Modern technology is capable of reading data as fast as it can be obtained from the spinning platters, so hard drives usually have a fixed sector interleave ratio of 1:1, which is effectively no interleaving being used.

Seek time

Average seek time ranges from 3 ms[83] for high-end server drives, to 15 ms for mobile drives, with the most common mobile drives at about 12 ms[84] and the most common desktop type typically being around 9 ms. The first HDD had an average seek time of about 600 ms and by the middle 1970s HDDs were available with seek times of about 25 ms. Some early PC drives used a stepper motor to move the heads, and as a result had seek times as slow as 80–120 ms, but this was quickly improved by voice coil type actuation in the 1980s, reducing seek times to around 20 ms. Seek time has continued to improve slowly over time.

Some desktop and laptop computer systems allow the user to make a tradeoff between seek performance and drive noise. Faster seek rates typically require more energy usage to quickly move the heads across the platter, causing loud noises from the pivot bearing and greater device vibrations as the heads are rapidly accelerated during the start of the seek motion and decelerated at the end of the seek motion. Quiet operation reduces movement speed and acceleration rates, but at a cost of reduced seek performance.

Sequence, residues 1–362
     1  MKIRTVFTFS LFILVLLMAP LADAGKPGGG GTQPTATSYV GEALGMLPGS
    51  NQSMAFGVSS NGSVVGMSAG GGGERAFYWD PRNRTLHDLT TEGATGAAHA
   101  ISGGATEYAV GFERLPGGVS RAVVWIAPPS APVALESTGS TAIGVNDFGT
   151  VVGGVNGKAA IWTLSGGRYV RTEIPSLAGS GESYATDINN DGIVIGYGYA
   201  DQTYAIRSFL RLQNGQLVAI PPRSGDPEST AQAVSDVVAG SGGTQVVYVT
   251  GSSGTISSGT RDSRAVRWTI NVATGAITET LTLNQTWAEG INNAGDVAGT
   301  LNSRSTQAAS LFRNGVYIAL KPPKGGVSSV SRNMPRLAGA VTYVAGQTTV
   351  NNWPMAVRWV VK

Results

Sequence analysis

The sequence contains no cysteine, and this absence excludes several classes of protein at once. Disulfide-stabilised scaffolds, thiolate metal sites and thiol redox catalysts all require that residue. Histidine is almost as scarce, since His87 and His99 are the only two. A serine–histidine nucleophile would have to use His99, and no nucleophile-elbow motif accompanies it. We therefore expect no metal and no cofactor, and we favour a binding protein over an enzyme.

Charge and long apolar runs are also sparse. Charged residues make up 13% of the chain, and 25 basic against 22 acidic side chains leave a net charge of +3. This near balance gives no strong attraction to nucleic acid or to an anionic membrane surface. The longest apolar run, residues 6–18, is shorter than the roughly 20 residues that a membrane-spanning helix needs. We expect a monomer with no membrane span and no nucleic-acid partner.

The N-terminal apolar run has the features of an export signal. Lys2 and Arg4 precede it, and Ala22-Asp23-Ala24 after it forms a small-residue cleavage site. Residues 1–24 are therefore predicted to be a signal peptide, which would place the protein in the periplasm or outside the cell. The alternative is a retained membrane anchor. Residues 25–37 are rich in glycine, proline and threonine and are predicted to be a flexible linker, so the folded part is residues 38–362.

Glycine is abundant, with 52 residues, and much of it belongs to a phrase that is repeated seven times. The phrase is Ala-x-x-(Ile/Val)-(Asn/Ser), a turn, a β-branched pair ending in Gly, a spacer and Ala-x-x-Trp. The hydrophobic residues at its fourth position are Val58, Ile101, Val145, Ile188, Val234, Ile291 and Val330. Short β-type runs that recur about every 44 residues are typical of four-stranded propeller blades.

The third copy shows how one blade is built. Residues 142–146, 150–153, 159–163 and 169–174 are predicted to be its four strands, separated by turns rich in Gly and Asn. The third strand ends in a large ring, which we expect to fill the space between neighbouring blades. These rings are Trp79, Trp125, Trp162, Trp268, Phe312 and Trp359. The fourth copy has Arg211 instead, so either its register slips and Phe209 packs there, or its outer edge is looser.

Rotational latency

Rotational speed
latency [ms]
15000 2
10000 3
7200 4.16
5400 5.55
4800 6.25

Latency is the delay for the rotation of the disk to bring the required disk sector under the read-write mechanism. It depends on rotational speed of a disk, measured in revolutions per minute (rpm). Average rotational latency is shown in the table below, based on the empirical relation that the average latency in milliseconds for such a drive is one-half the rotational period.